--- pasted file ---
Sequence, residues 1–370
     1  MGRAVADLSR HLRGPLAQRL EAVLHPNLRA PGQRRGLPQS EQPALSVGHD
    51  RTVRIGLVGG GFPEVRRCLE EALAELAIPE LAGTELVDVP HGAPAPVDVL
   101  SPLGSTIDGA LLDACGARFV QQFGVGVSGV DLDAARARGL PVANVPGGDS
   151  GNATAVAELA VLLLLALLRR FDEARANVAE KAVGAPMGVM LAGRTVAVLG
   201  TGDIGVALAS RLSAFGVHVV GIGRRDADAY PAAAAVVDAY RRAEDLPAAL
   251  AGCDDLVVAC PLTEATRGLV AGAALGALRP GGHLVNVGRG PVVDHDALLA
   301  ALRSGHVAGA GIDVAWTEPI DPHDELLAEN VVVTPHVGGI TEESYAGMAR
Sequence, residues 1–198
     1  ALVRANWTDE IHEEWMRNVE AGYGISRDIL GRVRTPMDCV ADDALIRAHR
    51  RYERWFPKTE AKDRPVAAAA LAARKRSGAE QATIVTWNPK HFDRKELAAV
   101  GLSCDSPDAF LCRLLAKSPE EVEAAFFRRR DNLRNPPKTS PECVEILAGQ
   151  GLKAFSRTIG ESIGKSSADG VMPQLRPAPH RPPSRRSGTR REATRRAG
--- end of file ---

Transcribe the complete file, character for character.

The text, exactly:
Sequence, residues 1–370
     1  MGRAVADLSR HLRGPLAQRL EAVLHPNLRA PGQRRGLPQS EQPALSVGHD
    51  RTVRIGLVGG GFPEVRRCLE EALAELAIPE LAGTELVDVP HGAPAPVDVL
   101  SPLGSTIDGA LLDACGARFV QQFGVGVSGV DLDAARARGL PVANVPGGDS
   151  GNATAVAELA VLLLLALLRR FDEARANVAE KAVGAPMGVM LAGRTVAVLG
   201  TGDIGVALAS RLSAFGVHVV GIGRRDADAY PAAAAVVDAY RRAEDLPAAL
   251  AGCDDLVVAC PLTEATRGLV AGAALGALRP GGHLVNVGRG PVVDHDALLA
   301  ALRSGHVAGA GIDVAWTEPI DPHDELLAEN VVVTPHVGGI TEESYAGMAR
Sequence, residues 1–198
     1  ALVRANWTDE IHEEWMRNVE AGYGISRDIL GRVRTPMDCV ADDALIRAHR
    51  RYERWFPKTE AKDRPVAAAA LAARKRSGAE QATIVTWNPK HFDRKELAAV
   101  GLSCDSPDAF LCRLLAKSPE EVEAAFFRRR DNLRNPPKTS PECVEILAGQ
   151  GLKAFSRTIG ESIGKSSADG VMPQLRPAPH RPPSRRSGTR REATRRAG